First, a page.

Maybe the scribes and Pharisees never committed adultery like the woman they were accusing, but we have evidence right from the mouth of Jesus several times that they were committing worse sins than adultery by their lack of love towards the people of Israel. “Let the man among you who has no sin,” Jesus said, “be the first to cast a stone at her.” None of the scribes and Pharisees threw a stone. Our country has legitimately elected and appointed judges and legally selected juries. Trials are held to determine guilt or non-guilt, judgments are made, sentences are handed down. There are crimes against society and against individuals that we bring to court.

This is necessary. I doubt that Jesus was condemning such a system. We do it for the common good, for the safety and protection of everyone. In spite of the fact that our court system makes its share of mistakes and people are sometimes misjudged and condemned for crimes they didn’t commit, some such system must be employed. But if all of us who have committed sin were brought to trial, you can be sure we’d all have our day in court. And we know it. We’d all have cause to hang our heads in shame.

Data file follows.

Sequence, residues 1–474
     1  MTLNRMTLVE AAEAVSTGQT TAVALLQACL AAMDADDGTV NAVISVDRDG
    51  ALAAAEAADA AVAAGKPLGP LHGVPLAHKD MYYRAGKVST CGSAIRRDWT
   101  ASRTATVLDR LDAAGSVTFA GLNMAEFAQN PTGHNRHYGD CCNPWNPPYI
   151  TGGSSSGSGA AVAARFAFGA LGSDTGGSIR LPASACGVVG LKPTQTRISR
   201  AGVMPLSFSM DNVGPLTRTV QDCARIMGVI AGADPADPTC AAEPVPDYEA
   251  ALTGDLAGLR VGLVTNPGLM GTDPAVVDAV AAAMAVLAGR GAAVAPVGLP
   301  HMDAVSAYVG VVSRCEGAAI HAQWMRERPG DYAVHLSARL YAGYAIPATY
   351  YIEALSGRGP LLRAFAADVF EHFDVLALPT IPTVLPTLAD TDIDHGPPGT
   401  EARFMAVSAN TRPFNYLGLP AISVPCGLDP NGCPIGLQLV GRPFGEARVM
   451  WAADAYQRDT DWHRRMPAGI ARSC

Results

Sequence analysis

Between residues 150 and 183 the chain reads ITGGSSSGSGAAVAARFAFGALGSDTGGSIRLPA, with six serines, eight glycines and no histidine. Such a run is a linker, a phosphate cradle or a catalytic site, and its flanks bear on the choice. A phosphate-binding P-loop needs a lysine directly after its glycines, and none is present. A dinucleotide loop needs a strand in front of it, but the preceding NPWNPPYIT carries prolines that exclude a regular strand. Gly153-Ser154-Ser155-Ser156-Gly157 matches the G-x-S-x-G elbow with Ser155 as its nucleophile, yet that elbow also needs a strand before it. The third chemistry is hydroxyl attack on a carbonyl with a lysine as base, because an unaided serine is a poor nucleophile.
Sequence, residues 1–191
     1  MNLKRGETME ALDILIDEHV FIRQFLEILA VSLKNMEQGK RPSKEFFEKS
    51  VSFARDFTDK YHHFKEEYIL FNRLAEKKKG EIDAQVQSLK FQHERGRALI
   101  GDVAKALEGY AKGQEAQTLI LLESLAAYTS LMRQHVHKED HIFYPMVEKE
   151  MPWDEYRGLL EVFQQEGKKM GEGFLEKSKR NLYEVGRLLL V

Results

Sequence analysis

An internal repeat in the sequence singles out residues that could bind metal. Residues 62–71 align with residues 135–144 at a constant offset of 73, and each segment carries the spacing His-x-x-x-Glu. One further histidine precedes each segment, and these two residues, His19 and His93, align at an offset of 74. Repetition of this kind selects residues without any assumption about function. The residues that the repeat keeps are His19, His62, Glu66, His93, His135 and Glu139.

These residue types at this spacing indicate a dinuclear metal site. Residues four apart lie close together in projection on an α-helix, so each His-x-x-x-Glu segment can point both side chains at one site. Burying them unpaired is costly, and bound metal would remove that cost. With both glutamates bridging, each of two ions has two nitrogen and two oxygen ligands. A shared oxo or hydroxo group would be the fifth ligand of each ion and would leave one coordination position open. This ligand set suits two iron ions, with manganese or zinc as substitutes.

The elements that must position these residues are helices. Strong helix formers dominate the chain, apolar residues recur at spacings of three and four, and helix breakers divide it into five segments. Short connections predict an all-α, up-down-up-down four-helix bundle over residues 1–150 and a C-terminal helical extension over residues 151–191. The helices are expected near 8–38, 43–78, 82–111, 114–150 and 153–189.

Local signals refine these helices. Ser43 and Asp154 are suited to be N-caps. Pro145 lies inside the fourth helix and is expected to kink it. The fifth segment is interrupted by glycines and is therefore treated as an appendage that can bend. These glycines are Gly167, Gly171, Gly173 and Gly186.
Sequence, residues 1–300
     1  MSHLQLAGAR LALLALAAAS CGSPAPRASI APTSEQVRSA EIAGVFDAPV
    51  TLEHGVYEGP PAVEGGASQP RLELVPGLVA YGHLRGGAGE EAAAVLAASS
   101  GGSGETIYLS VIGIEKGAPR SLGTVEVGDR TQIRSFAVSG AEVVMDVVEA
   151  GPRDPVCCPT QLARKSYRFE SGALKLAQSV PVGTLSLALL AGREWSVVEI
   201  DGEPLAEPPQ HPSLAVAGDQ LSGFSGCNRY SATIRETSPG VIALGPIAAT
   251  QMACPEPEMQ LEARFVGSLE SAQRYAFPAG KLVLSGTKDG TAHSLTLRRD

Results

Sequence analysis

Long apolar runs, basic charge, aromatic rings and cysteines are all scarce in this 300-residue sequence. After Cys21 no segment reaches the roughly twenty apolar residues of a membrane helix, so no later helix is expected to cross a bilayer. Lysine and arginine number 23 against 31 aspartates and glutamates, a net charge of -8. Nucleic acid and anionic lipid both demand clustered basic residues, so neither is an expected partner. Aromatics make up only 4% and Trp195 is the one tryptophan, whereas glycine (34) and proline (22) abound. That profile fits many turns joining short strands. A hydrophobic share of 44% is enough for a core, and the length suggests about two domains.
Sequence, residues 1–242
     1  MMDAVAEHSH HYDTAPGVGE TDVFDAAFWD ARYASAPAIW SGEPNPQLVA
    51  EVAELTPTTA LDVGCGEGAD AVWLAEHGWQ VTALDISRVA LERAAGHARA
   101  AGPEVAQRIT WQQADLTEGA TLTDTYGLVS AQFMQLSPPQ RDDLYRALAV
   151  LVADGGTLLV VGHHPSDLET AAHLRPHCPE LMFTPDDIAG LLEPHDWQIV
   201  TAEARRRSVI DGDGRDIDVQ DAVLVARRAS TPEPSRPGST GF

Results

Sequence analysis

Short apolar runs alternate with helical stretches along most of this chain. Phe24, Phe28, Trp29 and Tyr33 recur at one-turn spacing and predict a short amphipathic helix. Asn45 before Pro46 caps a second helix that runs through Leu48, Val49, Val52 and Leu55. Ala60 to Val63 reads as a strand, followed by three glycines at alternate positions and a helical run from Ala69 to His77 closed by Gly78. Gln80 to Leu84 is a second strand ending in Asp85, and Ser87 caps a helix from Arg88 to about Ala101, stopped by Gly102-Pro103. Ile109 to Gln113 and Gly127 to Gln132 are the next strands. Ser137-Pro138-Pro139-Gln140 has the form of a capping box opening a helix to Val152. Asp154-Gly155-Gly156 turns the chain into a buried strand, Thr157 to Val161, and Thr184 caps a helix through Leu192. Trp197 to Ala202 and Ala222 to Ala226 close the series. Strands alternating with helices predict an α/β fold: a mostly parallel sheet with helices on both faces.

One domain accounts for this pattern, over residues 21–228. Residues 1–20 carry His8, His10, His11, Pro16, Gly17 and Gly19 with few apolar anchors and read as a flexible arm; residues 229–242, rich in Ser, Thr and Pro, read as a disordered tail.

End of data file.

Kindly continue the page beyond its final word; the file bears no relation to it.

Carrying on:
If you are legally a judge, if you are called for jury service, you are expected to do your duty in court and administer justice. But outside of court we all must learn to be very careful with the part we play when it comes to the reputations of others. Many a life has been destroyed by people who didn’t get facts straight; many a life has been destroyed by people who exposed even truthful facts that nobody other than God had any business to know about.

We talk and laugh about what we read in supermarket tabloids. Such publications, however, when taken seriously can do much more harm to an individual than a truckload of rocks. Woe to those who write such garbage! Woe to us who believe it and make unkind and rash judgments of others from what it says.

We must be very careful what we believe and what we say about other people. We must try to understand even when an accusation is proved, just as we would like to be understood when some wrong is proved against us. We must learn what the word “mercy” means, the kind of mercy we would plead for if caught doing some of the things we do.

NO HUMAN BEING IS PERFECT! We must never forget that. No human being is perfect. We all sin; we all make some really dumb mistakes. That includes you. And as surprising as this might sound to you: It even includes me! I guess even I have a fault or two.

Jesus was seated in the temple area teaching the people gathered around him. Who should interrupt his teaching but some scribes and Pharisees dragging a woman along with them and pushing her in front of Jesus! “Teacher,” they said to him. “This woman has been caught in the act of adultery. In the law, Moses ordered such women to be stoned. What do you have to say about the case?” Jesus looked at them and said, “Let the man among you who has no sin be the first to cast a stone at her.”

The audience drifted away one by one, beginning with the elders. I think we had better do the same.